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Canadian merchandise trade surprises with a surplus in January
- January merchandise trade balance posted a surplus of USD1.41 billion, following a USD1.98 billion deficit in December.
- The value of exports increased in all 11 merchandise categories compared to the previous month.
- The large trade surplus was related to a couple large one-off shipments to the US rather than a sudden structural change to Canada's trade dynamics.
- This was another release showing the considerable resilience to the second wave of COVID-19 cases and associated containment measures.
This was the first substantial international merchandise trade surplus for the Canadian economy in over six years. Stranger is the fact that it happened during a month of renewed regional restriction measures. This was expected to be a challenging time for the Canadian economy and for some exporters it probably was challenging. For example, exports to the European Union fell 52% month-on-month (m/m). However, Canada benefited from surging US demand, as their manufacturing sector continues to see growth, large stimulus packages have been passed through government, and vaccination efforts accelerate.
While exports saw some transitory distortions, the overall strength of exports cannot be dismissed. Statistics Canada highlighted a one-off sale of used aircrafts to a US airline, leading to a 72.3% rise in exports within the aircraft and other transportation category. Exports of consumer goods rose 11.5% m/m as large sale of gold bars was made to US retail investors. Within the forestry and building material category, both building and packaging materials and lumber and other sawmill products export sub-categories continue to benefit from the strong housing market in the US, rising 16.5% m/m and 30.4% m/m respectively. Moving in tandem as of late, these sub-categories have seen growth in 10 of the last 12 months. In particular, the value of lumber and other sawmill exports is at a record high and more than double year-ago levels. This strength continued despite US housing starts easing in January due to unseasonably cold temperatures. Strong Canadian lumber exports are also benefitting from record high prices caused by sawmill shutdowns during the first wave of the pandemic. Export of energy products also rose a healthy 5.9% m/m, as demand and prices also continue to rise. Excluding the two categories distorted by one-off effects, exports values were still up 4.8% m/m.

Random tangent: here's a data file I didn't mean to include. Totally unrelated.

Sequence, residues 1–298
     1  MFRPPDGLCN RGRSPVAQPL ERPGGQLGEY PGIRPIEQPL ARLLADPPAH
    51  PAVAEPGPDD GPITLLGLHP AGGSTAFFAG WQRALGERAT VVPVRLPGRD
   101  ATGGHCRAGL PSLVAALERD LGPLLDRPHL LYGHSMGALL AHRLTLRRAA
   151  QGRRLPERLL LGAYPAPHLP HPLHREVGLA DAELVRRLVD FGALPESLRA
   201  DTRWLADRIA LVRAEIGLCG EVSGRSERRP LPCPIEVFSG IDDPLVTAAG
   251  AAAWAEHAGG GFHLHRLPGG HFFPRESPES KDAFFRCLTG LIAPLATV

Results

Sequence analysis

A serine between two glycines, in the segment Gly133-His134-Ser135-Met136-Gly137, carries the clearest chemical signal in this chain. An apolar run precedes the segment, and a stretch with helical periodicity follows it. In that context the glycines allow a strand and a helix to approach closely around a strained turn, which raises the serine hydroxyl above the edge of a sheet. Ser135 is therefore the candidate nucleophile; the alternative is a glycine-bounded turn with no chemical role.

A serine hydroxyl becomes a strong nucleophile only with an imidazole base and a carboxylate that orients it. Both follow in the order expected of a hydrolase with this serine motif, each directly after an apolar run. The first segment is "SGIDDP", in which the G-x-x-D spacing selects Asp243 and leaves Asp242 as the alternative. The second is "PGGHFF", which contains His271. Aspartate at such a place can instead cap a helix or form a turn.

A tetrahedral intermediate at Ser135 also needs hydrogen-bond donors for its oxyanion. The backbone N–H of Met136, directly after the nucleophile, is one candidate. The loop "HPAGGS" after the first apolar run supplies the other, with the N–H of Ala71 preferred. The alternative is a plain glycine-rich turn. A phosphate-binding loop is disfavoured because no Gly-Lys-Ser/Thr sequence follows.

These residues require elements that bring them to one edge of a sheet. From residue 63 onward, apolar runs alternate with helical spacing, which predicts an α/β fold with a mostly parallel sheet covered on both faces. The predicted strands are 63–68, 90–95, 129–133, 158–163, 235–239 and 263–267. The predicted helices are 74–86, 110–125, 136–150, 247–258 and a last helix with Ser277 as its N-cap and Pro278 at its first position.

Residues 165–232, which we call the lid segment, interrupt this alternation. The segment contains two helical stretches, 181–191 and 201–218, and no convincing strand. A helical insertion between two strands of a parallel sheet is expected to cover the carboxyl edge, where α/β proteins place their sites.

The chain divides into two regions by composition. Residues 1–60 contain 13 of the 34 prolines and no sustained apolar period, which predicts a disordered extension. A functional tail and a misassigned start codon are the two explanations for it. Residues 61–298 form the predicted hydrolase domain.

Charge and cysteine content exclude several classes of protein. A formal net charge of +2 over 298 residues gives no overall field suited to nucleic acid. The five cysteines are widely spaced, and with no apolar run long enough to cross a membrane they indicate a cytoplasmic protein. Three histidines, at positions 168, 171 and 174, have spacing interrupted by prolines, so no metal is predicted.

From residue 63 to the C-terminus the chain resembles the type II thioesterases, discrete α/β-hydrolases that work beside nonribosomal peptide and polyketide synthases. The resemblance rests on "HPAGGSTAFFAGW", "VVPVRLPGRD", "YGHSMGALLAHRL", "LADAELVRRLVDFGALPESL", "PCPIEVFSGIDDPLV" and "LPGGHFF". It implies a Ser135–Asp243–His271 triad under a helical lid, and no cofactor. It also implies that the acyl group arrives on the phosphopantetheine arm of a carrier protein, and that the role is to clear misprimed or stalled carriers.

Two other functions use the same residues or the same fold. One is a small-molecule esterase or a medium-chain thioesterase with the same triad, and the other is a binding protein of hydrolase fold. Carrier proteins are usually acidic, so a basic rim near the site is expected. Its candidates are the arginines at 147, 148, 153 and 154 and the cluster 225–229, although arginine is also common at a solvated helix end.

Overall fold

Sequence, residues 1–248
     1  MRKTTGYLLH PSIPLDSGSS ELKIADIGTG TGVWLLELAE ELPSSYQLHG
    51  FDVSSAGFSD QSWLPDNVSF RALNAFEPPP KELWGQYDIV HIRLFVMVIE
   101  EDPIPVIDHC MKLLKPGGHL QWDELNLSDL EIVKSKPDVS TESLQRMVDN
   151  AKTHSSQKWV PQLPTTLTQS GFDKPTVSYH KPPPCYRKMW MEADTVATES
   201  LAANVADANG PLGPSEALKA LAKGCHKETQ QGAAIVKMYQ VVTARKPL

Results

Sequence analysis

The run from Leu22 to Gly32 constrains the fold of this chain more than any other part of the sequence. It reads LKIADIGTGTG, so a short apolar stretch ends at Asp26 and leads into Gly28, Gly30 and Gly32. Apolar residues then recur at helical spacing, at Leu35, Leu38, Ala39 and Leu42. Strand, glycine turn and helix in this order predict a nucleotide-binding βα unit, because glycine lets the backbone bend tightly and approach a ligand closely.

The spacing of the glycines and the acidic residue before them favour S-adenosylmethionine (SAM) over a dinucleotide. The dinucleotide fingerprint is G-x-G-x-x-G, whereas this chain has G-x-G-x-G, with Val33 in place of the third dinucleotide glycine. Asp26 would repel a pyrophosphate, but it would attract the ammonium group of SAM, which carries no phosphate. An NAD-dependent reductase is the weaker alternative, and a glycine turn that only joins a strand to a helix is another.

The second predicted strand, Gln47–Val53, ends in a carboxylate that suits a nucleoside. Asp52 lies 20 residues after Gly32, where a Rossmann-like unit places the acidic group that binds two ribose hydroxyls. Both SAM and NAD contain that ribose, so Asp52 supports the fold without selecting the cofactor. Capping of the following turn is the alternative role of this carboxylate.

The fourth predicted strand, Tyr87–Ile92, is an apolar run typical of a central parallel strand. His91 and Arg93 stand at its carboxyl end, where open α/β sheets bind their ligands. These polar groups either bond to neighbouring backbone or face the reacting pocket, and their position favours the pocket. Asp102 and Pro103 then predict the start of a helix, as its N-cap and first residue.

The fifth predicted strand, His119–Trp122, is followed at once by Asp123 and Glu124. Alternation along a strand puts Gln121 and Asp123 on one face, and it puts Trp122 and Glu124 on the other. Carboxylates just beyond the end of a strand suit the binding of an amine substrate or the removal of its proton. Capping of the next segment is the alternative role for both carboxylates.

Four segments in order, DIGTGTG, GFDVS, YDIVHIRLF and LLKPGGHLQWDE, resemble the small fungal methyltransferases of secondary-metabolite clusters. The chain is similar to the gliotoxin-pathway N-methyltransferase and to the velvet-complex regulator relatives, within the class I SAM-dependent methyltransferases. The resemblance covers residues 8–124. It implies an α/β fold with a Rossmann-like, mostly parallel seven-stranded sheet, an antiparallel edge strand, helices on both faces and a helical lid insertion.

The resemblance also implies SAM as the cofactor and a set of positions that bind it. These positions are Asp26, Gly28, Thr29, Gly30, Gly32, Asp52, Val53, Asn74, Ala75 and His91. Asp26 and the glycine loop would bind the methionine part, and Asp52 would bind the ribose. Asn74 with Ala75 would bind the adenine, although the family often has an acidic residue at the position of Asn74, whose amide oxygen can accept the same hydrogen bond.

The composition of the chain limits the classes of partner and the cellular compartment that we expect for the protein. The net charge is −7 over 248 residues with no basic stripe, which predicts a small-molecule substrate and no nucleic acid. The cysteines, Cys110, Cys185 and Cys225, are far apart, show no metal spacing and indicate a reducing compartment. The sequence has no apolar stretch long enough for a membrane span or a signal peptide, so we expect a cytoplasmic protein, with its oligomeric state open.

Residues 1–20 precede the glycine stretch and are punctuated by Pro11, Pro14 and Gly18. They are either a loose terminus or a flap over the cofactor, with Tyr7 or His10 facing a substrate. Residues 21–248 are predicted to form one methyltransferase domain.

Helping with the trade surplus was more modest growth in imports, with value growth in seven of the 11 product categories. The 20.5% jump in energy imports—breaking three months of declines—was offset by decreases in aircraft and other transportation, motor vehicles and parts, and consumer goods. It is also worth noting that the deficit in international services trade widened to USD236 million but has remained well below the typical service trade deficits seen prior to the pandemic. The small surplus within travel services will continue until travel restrictions lift and consumers are comfortable traveling abroad again.
Demand for Canadian exports continues to benefit from a rapidly expanding US economy and an uplift to oil and lumber prices. Strong IHS Markit US Manufacturing PMI readings continued in February which bodes well for Canadian exports. Since we cannot count on similar one-off boosts to exports in future releases, net trade will remain a drag on Canada's real growth this year but is expected to add to 2022 growth.
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